Gina Femia’s meet you at the Galaxy Diner. has won the 2021 Neukom Institute Literary Arts Award for Playwriting. Some of Us Exist in the Future, by Nkenna Akunna ’16, was named runner up.
“These are two terrific dramatic works that make us think about the emotional dimensions of the intersection of lives and the digital,” says Dan Rockmore, director of the Neukom Institute for Computational Science.
Femia’s play tells the story of old high school friends who reconnect by chance over a 1990s-era online messaging service, sparking a wave of memories and old emotions. The play explores technology, outer space, and whether looking back can help people remember who they are.
“Gina Femia’s work is remarkable—it’s thoughtful and hopeful, showing that our frenetic digital culture has space for nostalgia and meaningful connection,” says Rockmore.
Femia’s award includes a $5,000 cash prize and two weeklong workshops: one at Dartmouth’s VoxLab in July 2021 and another at Northern Stage, based in White River Junction, Vt., during the ’21-’22 season.
“Exploring humanity onstage is the heartbeat of most of my work, and to have an award that recognizes the importance of looking through it with a digital lens, particularly after 2020, is vital to that continual exploration,” says Femia. “I’m so full of gratitude for so many reasons, but most of all to be given an opportunity to develop this play that’s so close to my heart and soul, especially after this past year; it just means everything to me.”
Some of Us Exist in the Future follows a Black immigrant in Brooklyn through her daily effort to scrape by. She receives nightly calls from the gods on her television, prompting the question: “What does it mean to die to this world?”
“Nkenna Akunna has given us a lyrical and sharply funny piece that plays with the boundary between the real and the otherworldly that the digital makes possible, and the possibilities that it can create for reimagining the self,” Rockmore says.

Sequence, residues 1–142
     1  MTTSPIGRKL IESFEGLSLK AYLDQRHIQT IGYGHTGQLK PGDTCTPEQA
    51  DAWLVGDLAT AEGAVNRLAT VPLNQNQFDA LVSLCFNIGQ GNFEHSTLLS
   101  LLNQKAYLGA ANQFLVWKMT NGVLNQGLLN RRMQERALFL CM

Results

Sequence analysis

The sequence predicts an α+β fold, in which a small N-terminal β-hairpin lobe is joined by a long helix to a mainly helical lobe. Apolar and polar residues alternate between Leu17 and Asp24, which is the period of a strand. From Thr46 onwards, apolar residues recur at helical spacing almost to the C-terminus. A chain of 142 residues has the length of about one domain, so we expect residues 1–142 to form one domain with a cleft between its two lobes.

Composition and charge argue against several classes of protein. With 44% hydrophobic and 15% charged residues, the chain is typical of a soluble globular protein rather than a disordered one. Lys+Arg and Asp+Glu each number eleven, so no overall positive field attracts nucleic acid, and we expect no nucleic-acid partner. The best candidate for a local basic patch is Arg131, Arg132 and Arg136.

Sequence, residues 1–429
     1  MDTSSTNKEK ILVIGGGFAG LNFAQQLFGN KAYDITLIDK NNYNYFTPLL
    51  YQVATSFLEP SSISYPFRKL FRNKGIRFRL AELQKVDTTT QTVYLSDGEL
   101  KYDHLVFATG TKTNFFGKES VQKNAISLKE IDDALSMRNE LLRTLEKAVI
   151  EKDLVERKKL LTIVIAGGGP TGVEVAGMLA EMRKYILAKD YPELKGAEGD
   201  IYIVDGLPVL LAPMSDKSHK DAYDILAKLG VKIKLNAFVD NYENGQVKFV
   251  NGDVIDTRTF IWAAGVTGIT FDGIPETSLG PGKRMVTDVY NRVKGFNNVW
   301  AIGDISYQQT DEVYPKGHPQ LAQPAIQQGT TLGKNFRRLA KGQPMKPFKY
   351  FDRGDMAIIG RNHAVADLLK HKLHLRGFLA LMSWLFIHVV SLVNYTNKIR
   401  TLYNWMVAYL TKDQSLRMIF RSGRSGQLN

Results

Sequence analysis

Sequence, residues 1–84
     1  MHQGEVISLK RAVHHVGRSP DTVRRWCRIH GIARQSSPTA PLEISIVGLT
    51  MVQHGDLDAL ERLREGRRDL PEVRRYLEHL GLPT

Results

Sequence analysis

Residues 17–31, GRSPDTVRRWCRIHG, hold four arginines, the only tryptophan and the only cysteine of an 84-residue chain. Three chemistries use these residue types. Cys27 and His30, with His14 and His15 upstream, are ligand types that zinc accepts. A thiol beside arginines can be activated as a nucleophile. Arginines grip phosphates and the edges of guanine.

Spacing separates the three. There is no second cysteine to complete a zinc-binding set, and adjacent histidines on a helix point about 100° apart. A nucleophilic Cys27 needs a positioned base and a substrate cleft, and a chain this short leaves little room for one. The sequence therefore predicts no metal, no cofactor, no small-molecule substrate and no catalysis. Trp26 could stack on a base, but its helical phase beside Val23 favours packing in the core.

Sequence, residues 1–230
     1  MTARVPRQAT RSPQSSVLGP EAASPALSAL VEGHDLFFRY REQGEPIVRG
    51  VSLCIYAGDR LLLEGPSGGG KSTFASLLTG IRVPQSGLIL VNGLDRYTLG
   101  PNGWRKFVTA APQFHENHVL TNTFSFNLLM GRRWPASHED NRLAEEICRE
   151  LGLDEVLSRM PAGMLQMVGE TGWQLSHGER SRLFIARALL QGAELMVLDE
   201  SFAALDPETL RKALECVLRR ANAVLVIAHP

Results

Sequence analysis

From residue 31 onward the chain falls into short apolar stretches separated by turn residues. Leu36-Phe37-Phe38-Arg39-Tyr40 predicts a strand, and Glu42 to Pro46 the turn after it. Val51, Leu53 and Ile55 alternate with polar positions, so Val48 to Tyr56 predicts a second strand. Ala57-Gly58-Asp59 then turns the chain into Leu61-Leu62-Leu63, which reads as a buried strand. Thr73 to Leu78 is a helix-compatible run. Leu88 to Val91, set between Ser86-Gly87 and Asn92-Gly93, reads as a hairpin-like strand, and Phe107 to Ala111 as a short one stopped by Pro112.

“It is so lovely for my work to be honored in this way, not least because I wrote my first play at Dartmouth five years ago,” says Akunna. “I look forward to continuing to work on Some of Us in residency this summer in Hanover.”
Akunna is the first Dartmouth graduate to be honored in the Neukom program. The runner-up receives a $500 cash prize and a residency with VoxLab.
“We are overjoyed that the Neukom prize will be supporting two exceptional works that speak poignantly to the ways our modern, everyday lives are mediated by technology,” says Jess Chayes, the BOLD Associate Artistic Director at Northern Stage. “In the wake of this year of isolation, these two plays speak profoundly to both the Neukom prompt as well as our current cultural moment.”
The annual playwriting award considers plays and other full-length works for the theater that address the question, “What does it mean to be a human in a computerized world?” This year’s winner and runner-up come from a shortlist of 12 plays selected from over 140 submissions.
“We are delighted to see the explosion of interest in the Neukom award,” says Rockmore, creator of the award program. “It is so exciting to see the thoughtful creative work that is being sent in response to the call and gratifying to be able to support this work at the nexus of the arts, humanities, and computation.”
The Neukom playwriting award program is a partnership between the Neukom Institute, the Department of Theater at Dartmouth College, VoxLab, and Northern Stage based in White River Junction, Vermont.
David Hirsch can be reached at email@example.com